Indexed on: 01 Mar '92Published on: 01 Mar '92Published in: Journal of Regulatory Economics
This paper seeks to explain why delegation of regulatory authority to medical associations (“medical Corporatism”) is so prominent in health care. It argues that the interests of politicians and physicians in limiting access to medical markets rather than the interests of patients in the control of quality of medical care determines this delegation. Recent trends in physician densities, their impacts on physician incomes, and rates of return to a medical career in several industrialized countries are adduced as evidence to support this claim.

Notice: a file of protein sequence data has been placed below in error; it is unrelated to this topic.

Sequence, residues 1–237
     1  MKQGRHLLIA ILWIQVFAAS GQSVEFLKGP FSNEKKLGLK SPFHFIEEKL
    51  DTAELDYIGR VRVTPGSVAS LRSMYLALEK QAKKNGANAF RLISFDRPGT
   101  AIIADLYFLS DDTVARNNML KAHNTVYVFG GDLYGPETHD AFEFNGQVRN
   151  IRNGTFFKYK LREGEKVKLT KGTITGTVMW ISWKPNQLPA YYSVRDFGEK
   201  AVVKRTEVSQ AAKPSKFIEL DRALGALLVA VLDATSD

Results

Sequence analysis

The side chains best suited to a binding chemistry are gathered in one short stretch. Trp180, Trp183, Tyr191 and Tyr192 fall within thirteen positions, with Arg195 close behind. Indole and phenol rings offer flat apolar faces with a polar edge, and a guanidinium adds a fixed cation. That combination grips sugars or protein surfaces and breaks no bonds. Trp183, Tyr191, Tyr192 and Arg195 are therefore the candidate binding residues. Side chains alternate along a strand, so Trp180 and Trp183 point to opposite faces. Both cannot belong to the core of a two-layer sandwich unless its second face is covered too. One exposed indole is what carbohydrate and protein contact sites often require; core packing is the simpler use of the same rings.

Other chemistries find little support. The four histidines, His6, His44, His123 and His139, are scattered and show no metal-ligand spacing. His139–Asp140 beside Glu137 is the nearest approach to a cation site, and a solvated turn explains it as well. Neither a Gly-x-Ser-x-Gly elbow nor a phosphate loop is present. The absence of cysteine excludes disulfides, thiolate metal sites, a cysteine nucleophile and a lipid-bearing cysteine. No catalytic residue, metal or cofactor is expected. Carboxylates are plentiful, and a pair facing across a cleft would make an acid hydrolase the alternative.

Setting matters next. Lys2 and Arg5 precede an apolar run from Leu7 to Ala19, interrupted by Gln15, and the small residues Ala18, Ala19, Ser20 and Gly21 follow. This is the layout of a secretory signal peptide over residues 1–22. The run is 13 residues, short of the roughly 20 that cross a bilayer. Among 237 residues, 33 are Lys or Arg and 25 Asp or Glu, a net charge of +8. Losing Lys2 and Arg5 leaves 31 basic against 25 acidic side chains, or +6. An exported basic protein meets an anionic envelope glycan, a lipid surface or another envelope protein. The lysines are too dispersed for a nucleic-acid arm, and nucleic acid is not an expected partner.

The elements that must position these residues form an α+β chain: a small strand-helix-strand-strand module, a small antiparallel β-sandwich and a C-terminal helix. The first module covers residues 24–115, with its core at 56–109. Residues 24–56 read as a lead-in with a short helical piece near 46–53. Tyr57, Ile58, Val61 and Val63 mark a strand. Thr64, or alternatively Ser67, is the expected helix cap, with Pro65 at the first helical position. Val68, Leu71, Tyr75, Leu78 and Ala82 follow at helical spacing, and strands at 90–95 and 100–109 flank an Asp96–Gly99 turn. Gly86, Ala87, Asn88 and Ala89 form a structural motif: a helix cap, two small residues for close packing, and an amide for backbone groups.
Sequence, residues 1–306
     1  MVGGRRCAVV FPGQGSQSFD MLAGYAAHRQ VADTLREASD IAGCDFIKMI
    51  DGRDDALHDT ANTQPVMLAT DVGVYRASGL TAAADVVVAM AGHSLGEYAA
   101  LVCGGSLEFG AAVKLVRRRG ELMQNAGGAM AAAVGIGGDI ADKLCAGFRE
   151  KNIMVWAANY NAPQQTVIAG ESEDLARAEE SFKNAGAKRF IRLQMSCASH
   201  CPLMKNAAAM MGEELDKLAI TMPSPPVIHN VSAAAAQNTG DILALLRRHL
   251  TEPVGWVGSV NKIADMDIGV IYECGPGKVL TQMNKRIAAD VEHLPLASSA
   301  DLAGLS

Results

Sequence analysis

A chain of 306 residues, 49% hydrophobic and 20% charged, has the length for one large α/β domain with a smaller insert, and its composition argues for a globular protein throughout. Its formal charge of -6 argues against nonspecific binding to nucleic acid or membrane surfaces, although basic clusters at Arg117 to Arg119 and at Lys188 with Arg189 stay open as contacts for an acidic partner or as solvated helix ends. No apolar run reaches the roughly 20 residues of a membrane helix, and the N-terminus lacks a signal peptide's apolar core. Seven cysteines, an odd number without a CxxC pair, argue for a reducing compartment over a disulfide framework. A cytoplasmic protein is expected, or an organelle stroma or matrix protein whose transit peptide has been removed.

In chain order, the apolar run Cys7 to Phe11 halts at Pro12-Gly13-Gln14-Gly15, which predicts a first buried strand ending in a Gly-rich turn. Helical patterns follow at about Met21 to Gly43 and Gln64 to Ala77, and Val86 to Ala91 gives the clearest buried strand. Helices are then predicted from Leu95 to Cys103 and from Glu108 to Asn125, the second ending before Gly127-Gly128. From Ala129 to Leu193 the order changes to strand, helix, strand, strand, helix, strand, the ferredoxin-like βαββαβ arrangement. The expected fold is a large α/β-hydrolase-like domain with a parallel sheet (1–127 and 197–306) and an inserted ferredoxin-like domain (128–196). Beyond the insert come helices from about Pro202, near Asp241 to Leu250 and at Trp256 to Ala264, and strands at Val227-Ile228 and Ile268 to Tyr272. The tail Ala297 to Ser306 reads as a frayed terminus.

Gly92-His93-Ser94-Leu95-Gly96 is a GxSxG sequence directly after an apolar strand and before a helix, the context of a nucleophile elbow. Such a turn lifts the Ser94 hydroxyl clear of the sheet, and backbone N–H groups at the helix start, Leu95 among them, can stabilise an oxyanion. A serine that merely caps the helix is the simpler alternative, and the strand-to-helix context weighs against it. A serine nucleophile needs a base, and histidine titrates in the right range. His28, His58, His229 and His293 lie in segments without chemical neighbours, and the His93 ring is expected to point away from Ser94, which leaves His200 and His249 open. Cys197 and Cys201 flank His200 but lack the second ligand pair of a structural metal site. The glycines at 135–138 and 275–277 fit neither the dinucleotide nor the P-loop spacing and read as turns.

Indexed on: 10 Nov '15
Published on: 10 Nov '15 in Gesundheitswesen (Bundesverband der Arzte des Offentlichen Gesundheitsdienstes (Germany))